Have you ever noticed that your local grocery store has all the milk and eggs at the very opposite end of the store as the entrance? This may be because you will have to walk by more items before grabbing the ones you want, which means you are more likely to buy more.
Product manufacturers can also pay grocery stores to place their items on the middle shelves since people spend more time looking at items placed at eye-level, and hence are more likely to purchase them. In aisles with products that may appeal to children, these items may be placed at their eye-level, i.e. on the lower shelves.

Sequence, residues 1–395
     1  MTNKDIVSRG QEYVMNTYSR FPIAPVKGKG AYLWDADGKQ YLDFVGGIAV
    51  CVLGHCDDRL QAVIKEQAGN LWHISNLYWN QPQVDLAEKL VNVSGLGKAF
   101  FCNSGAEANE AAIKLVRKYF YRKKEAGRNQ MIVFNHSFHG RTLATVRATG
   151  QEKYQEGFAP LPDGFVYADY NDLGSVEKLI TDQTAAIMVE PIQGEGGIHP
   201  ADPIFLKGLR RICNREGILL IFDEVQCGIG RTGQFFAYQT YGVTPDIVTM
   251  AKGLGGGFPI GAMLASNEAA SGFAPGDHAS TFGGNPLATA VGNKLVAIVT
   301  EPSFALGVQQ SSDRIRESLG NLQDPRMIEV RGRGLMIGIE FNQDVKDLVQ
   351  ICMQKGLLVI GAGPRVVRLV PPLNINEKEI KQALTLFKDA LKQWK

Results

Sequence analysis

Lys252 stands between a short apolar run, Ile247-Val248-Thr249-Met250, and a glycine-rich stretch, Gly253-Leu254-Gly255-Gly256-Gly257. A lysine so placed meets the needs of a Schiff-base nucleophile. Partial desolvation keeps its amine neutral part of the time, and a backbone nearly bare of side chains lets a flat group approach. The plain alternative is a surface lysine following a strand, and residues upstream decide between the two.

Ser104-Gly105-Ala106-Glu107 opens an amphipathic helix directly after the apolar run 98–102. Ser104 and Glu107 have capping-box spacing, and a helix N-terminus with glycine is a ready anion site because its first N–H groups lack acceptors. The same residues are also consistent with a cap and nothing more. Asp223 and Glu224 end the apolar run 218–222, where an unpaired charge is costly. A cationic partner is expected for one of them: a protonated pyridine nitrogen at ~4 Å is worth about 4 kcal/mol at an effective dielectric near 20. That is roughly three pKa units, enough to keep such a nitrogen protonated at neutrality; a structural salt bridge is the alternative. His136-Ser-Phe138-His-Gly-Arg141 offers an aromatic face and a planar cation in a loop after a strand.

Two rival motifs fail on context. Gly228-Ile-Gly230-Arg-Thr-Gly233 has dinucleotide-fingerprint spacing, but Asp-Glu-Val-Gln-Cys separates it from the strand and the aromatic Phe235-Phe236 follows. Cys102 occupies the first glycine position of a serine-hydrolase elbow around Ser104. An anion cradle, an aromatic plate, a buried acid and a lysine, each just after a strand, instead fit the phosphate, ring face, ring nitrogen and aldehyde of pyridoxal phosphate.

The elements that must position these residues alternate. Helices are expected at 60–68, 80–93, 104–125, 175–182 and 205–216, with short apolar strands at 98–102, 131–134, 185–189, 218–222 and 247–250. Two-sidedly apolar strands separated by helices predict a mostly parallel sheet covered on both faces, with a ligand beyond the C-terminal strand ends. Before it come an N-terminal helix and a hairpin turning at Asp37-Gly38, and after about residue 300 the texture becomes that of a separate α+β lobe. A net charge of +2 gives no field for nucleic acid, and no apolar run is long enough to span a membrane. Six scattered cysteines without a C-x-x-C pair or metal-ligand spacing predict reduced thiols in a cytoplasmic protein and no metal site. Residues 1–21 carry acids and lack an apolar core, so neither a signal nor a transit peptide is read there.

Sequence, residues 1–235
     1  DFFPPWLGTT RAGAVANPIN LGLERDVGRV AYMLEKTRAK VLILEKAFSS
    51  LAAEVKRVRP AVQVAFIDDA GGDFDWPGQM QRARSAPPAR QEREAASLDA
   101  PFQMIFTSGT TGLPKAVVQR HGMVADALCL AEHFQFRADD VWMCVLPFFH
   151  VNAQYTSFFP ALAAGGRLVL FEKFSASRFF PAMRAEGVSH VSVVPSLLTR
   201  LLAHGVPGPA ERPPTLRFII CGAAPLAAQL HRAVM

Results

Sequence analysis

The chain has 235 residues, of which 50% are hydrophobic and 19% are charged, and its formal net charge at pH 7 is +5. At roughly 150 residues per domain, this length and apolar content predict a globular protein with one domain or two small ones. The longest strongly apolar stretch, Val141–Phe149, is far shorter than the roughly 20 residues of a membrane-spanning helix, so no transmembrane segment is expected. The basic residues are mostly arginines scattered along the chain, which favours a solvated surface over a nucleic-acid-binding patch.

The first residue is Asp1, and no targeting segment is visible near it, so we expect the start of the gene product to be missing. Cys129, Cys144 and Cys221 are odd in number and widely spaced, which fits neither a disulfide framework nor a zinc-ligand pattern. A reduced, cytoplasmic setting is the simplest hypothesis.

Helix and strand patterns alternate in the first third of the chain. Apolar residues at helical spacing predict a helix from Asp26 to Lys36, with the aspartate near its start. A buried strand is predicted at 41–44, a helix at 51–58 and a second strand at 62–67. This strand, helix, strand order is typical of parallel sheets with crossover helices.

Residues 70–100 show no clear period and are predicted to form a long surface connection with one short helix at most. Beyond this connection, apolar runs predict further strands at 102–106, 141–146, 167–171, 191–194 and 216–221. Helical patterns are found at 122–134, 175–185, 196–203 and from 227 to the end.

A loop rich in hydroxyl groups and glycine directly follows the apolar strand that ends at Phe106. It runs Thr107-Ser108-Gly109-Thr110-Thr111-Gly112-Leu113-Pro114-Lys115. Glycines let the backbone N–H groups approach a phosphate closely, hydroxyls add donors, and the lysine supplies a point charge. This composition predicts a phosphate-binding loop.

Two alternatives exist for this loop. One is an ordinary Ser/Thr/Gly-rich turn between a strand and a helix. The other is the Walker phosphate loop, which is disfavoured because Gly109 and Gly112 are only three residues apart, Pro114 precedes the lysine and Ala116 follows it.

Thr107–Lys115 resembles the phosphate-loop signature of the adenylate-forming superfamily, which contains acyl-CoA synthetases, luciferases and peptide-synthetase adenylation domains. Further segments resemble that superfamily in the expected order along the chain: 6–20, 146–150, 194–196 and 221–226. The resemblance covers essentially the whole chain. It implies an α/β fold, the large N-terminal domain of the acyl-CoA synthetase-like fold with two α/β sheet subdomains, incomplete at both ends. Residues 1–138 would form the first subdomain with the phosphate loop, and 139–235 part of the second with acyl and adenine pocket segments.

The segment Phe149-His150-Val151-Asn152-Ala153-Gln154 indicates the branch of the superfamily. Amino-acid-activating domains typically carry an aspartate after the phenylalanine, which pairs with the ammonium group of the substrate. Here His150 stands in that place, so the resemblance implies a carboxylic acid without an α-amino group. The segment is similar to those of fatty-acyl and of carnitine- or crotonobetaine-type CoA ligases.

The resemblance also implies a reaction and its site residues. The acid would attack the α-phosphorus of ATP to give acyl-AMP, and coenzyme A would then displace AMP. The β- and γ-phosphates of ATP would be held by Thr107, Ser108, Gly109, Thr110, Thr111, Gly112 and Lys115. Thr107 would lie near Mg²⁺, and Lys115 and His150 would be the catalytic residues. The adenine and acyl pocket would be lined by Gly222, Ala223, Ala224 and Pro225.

It would seem that supermarkets have spent lots of money on hiring psychologists and marketers to make more money from consumers – and it seems the investment was worthwhile. They go so far as to analyze the probability of turning left versus right upon entering a store so that they can place higher priced items on the path most traveled – so that by the time that you have made your way through most of the store you will be getting to the lower cost items. Based on having seen the higher priced items earlier, the lower prices on the smaller items comparatively seem like a bargain, and you are more likely to purchase more of both if you start by seeing the higher priced items first.
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